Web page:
What is APPR?
10 Things to Know about the new teacher
Just like students, teachers and principals
will now be given a number grade at the end of every year that
represents their effectiveness rating thanks to the new
state-required evaluation system called the Annual Professional
Performance Review (or “APPR”). Teachers and principals have always
been held to standards, but the new system is much more complicated
and rigid – and, for the first time ever, a portion of it is tied to
student performance on state exams.
APPR is just one part of the many reforms put
in place by the NYS Board of Regents to improve student learning. It
was developed to improve the state’s educational system and support
the professional growth of educators in the state, which should
ultimately lead to students being better prepared for college and
career. There are many details to understand about APPR, so here are
10 facts you should know:
1. In order to receive federal Race to the Top
and state education aid (which is vital for each district to
operate), all school districts in New York are required by Jan. 17,
2013 to have adopted locally and received state approval of APPR
plans for teachers and principals.
2. Each teacher and principal in grades K-12
will receive a rating of either: Highly effective, Effective,
Developing or Ineffective (HEDI) – every year.
3. Teacher and principal ratings will be based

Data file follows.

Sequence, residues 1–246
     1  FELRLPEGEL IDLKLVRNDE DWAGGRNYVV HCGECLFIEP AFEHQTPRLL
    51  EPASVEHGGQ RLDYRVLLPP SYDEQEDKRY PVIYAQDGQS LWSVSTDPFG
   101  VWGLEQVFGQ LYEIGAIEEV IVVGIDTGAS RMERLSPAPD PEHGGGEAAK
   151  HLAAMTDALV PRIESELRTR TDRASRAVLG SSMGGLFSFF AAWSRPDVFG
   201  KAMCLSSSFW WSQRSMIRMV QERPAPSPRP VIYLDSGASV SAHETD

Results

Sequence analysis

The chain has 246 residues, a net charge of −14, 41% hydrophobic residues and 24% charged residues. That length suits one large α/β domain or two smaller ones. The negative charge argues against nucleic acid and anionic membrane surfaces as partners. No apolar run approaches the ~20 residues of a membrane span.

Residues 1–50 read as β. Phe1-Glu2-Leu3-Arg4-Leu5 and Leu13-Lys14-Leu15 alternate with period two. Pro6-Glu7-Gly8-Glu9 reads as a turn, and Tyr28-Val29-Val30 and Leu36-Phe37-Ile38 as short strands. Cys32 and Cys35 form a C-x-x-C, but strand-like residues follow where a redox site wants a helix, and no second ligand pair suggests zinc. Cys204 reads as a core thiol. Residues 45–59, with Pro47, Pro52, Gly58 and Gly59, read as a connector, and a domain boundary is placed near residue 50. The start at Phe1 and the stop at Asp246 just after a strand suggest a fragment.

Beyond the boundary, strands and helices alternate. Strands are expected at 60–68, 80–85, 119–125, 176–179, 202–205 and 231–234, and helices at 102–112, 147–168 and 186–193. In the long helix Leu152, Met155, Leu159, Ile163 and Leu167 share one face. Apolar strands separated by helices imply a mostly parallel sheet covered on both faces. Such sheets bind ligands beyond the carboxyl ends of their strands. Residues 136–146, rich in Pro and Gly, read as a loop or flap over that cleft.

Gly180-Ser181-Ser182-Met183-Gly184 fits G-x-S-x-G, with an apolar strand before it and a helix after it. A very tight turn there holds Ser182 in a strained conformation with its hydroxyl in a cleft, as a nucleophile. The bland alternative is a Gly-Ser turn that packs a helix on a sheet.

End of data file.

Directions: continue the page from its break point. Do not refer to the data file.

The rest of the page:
on a 100-point score. A score between 0-64 would classify a teacher
as “ineffective.” Those with a rating of 65-74 points are
“developing,” and 75 to 90 points signifies “effective.” A rating
from 91-100 means a teacher is “highly effective.”
4. The 100-point score will come from three
areas: 60 percent will be based on observations of teachers in the
classroom and other factors that measure how effective their
teaching practices are; 20 to 25 percent will come from student
growth based on state tests OR progress made toward meeting
student-learning targets (a.k.a. Student Learning Objectives); and
the final 15 to 20 percent will be based on measures of student
achievement that are selected by each school district. All three
sections are guided by NYSED regulations in terms of who does the
evaluating, what can be included in the scoring and how the scoring
must be done.
5. The exact details of the ratings will vary
by district as a result of district policies and negotiations that
are included in local teacher and administrator contracts.
6. The majority of the APPR must be bargained
locally, including classroom observation procedures, the appeals
process, Teacher Improvement Plan (TIP) procedures and local
selection of measures of student achievement. All negotiations are
in the context of the extensive NYSED regulations that now govern
APPR in NYS.
7. For subjects without a state assessment
test (such as in grades outside of 4-8), teachers must use a Student
Learning Objective (SLO) to gauge student growth. A SLO is an
academic goal for students set at the start of the course that
represents the most important learning of the year. SLO’s must t be
based on student learning that is measurable; and must also be
aligned to New York state’s Common Core learning standards.
8. Teachers will be observed a minimum of
twice a year by the building principal or a trained administrator
and one of these observations must be unannounced.
9. All APPR plans must include guidelines for
improvement plans and an appeals process for those who are rated as
10. Although the New York State Education
Department has said teacher ratings will be released to the parents
of students in each teacher’s classroom (or in each principal’s
school), it is not clear how the release of these ratings will be
implemented. The ratings for the 2012-2013 school year are
anticipated in fall 2013.